For his new album, David Walters found a group of musicians that not only fully and beautifully fleshes out his acoustic compositions, but also manages to represent a goodly percentage of the Afro-francophonie while doing so. Walters and percussionist Roger Raspail trace their roots to the Caribbean islands of Martinique and Guadeloupe, kora player Ballaké Sissoko comes from Mali, and cellist Vincent Segal from the French mainland.
Of course, Segal and Sissoko have been making beautiful music together for about a decade, and Raspail is one of those dream drummers who, no matter if it's Congolese funk, Gnawa music or jazz, outlines the pocket while leaving everyone plenty of room to operate.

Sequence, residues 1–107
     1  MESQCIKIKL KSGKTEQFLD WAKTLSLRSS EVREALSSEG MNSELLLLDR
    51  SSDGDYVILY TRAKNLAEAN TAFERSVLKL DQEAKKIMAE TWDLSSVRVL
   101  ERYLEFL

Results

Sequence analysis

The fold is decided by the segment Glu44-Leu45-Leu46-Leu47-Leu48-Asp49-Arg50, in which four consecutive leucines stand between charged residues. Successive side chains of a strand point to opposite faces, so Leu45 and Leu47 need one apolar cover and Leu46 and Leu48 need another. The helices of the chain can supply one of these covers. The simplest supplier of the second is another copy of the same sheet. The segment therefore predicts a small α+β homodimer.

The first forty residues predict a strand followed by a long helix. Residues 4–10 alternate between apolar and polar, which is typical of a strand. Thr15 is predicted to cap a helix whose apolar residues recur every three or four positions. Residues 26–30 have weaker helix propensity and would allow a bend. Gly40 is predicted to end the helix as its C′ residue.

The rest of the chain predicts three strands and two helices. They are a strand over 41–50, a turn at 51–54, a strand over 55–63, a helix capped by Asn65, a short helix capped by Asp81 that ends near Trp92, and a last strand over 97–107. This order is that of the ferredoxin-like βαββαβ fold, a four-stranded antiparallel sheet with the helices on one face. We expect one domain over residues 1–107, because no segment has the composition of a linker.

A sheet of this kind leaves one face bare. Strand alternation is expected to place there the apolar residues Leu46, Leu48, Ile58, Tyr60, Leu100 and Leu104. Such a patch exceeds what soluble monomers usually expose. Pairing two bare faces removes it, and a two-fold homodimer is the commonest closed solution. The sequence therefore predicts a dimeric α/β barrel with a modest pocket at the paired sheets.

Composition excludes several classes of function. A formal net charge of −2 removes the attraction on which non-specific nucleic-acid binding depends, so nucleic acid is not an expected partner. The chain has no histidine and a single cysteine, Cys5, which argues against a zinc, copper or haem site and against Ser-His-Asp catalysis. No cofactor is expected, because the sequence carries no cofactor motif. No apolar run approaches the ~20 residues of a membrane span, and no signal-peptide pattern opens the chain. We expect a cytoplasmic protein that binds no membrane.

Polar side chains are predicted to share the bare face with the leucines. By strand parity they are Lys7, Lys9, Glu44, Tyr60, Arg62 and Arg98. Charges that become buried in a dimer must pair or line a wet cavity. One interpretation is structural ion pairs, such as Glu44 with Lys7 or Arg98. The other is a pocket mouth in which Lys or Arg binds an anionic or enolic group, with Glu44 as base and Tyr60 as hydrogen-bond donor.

And maybe that Swiss Army knife of a lineup is the kind Walters needs. His songs don’t fit into easy categories. With an acoustic guitar, he performs seated like a singer-songwriter, but his falsetto can be a delicate air which gives way to a dancehall-inspired rapping. His songs have urgency with lyrics in English, French and Martiniquan creole, but provide a soothing, acoustic bed from which to rise.